In Latin maior means greater. In Denver English, Mayor means lesser. In not such a stunning turn of events, Walmart, the worlds largest retailer, has pulled out of the 9th and Colorado redevelopment project at the former University of Colorado site. Facing a tidal wave of negative support from neighbors, two influential neighborhood groups, and Council Members Jeannie Robb and Mary Beth Susman, the Bentonville behemoth has determined it wasn’t in it’s best interest to continue swimming against such an overwhelming tide.
Developer Jeff Fuqua, who has spent countless hours and dollars, trying to stem the tide while soliciting TIF dollars from the city, who had said earlier, that without Walmart, there are no other retailers interested, now says, “While Walmart will not be part of the planned redevelopment of the former University of Colorado Health Sciences campus, we will continue to evaluate other opportunities to serve Denver-area customers and expand access to affordable groceries.”
While the anti-Walmart foes will be pleased that they have driven away the beast they so despise for reasons that realistically can be leveled at any large big box retailer; Target, Home Depot, and Lowe’s just to name a few, the sad fact is that the City of Denver will be the ultimate Big Loser in the aftermath of this skirmish.
What happened to the desire and leadership of Mayor Hancock with the Walmart deal? The city needs money, a developer came with a solution and the city council raised such a fit that the Mayor hid. Do you think John Evans, David Moffat, and Walter Cheesman would have been pushed around? What would they have accomplished if this were the case? If this would have been Mayor Stapleton, we might not have the beautiful Denver Civic Center, the Municipal Airport (at the time), expansion of Denver Mountain Parks system, and the amazing Red Rocks Amphitheater, that we all love. We are not saying Walmart is an architectural gem, or that there were going to be U2 concerts, but…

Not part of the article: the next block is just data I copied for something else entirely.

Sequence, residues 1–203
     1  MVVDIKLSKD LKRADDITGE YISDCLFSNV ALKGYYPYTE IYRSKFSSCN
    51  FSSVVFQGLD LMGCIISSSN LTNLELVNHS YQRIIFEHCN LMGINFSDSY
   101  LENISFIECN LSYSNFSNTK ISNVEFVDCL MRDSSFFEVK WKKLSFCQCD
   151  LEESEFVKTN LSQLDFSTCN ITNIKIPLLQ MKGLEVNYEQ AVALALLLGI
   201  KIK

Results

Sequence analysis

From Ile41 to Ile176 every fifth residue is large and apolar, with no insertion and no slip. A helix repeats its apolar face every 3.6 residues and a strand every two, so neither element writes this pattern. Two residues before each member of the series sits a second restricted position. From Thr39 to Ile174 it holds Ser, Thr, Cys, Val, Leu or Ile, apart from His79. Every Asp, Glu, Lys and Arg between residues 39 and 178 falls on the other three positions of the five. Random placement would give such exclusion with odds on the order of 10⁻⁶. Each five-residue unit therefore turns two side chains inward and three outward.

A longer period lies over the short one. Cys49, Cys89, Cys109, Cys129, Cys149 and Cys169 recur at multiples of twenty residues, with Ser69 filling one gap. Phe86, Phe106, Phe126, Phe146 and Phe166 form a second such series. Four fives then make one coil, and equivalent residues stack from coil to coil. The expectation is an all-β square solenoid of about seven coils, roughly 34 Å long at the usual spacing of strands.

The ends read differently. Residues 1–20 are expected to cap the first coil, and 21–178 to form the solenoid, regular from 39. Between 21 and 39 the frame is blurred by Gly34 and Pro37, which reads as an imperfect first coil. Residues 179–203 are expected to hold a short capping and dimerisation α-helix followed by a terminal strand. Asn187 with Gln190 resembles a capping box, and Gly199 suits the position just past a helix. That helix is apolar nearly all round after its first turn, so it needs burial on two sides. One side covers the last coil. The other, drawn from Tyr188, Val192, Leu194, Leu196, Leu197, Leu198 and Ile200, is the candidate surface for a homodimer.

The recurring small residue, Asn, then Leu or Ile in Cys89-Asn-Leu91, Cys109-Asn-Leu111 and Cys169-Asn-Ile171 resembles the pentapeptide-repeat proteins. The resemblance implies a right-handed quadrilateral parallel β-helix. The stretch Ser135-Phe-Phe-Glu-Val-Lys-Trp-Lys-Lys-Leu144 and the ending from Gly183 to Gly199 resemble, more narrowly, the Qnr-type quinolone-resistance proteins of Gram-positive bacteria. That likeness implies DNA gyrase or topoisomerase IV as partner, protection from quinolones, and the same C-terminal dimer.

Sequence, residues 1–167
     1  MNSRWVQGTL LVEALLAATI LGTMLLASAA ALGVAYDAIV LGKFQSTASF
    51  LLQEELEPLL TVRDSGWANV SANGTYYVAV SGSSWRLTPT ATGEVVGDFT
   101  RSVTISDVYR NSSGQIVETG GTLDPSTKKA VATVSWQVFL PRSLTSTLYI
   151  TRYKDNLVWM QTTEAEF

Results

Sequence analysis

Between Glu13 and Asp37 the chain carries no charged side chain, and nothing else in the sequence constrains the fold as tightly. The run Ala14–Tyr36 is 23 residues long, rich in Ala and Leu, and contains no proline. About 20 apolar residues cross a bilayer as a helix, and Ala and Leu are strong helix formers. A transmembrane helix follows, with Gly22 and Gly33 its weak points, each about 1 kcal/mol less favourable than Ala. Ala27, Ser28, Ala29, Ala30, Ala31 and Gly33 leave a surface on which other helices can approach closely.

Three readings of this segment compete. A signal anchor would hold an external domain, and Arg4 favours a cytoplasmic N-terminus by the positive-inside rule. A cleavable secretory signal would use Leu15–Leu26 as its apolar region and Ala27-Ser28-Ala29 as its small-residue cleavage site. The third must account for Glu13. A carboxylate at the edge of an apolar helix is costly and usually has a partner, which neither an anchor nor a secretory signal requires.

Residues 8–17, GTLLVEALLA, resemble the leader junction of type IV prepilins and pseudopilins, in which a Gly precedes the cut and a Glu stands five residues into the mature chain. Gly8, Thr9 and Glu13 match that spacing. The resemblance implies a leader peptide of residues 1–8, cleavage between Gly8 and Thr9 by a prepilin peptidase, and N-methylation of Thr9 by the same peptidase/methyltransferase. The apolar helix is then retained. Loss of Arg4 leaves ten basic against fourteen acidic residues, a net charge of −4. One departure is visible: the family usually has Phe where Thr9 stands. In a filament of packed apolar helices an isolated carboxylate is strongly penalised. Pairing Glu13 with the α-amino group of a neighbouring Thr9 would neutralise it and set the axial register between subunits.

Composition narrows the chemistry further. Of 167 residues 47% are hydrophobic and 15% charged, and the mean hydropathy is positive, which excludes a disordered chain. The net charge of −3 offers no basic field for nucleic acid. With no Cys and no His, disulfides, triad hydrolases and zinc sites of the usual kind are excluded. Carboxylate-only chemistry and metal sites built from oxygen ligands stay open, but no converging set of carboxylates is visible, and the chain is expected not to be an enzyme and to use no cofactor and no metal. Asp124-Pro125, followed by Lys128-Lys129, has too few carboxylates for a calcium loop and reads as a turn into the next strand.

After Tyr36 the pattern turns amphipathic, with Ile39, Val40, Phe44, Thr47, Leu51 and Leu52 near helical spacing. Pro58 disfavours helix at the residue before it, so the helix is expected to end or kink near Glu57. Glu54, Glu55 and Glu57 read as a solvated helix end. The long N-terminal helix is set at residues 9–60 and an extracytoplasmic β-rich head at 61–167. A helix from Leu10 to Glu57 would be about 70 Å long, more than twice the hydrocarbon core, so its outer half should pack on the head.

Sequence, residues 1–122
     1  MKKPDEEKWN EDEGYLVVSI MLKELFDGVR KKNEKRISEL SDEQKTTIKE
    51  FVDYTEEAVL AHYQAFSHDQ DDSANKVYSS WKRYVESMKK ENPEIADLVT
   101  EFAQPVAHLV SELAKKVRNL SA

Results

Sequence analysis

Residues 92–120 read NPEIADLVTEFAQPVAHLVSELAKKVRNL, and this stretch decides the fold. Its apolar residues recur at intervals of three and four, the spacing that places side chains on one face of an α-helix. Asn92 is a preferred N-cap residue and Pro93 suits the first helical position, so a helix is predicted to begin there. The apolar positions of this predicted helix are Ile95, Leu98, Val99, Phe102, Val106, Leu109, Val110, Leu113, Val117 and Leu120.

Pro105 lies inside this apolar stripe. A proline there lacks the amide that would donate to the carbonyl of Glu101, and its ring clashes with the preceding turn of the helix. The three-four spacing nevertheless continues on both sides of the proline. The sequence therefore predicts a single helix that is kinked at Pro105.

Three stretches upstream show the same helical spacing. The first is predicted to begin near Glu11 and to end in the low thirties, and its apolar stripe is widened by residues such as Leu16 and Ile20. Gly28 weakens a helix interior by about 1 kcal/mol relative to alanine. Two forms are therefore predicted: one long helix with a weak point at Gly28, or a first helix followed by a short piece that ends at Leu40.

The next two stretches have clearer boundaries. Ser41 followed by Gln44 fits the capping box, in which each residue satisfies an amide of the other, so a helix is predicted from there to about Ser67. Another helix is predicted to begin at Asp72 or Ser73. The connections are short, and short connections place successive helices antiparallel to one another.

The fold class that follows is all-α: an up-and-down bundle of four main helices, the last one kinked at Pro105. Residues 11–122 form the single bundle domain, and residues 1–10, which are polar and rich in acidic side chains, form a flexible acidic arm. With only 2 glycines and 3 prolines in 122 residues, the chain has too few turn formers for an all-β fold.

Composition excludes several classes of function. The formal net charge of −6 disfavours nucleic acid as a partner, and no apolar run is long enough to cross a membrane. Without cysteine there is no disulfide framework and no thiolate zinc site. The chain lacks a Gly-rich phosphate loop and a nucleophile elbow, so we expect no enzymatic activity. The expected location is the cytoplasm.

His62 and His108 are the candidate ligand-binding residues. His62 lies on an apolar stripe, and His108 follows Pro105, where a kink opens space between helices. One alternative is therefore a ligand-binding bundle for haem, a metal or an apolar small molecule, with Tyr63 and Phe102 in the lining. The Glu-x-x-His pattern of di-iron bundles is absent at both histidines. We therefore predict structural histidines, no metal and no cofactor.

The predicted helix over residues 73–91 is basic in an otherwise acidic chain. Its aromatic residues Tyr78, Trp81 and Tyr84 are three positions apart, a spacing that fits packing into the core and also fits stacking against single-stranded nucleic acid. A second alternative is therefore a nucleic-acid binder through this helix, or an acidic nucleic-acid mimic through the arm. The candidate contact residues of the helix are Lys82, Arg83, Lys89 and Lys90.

If Hancock were great, he would have made the deal happen. Denver has a strong mayor/weak city council government, but in this case it should be, well… you know what we are thinking.
The University of Colorado site at 9th and Colorado Blvd has been an albatross and eye sore for five years since the University vacated the site for greener pastures at the Fitzsimmons site in Aurora. What now?
Although the announcement and decision to move was begun in 1997 during Wellington Webb’s final term as mayor, no one could have known the rapid pace that the University’s exodus would take. But that pace was more than evident during John Hickenlooper’s two terms, and certainly with his political clout, congeniality, and connections, he could have taken a leadership role in helping to determine the outcome of the site.
Fast forward to 2012, and the issue fell heavily and squarely in newly elected Mayor Hancock’s lap. What did he do? He turtled, tucked his head in and watched from the sidelines as one of the cities most prominent redevelopment sites was batted around like a tetherball, back and forth.
- Susman and Robb Green Light Walmart (downmainstreet.com)
- Mayor Hancock Should Step Up: Fuqua Has (downmainstreet.com)
- Opposition Grows To Proposed Denver Walmart (denver.cbslocal.com)
- Councilwomen Susman, Robb oppose public financing for Walmart project (denverpost.com)
- Big Change Coming to Walmart Stores (dailyfinance.com)
- Hancock tells Council it’s time to build 9th and Colorado project (denverpost.com)
- Walmart Tests Limited Same-Day Delivery of Online Orders (dailyfinance.com)
- Walmart Now Has Too Many Disgruntled Employees To Ignore (businessinsider.com)
- Walmart strikes spread to more states (salon.com)
- Tired of the Speculation, Trader Joe’s Confirms (downmainstreet.com)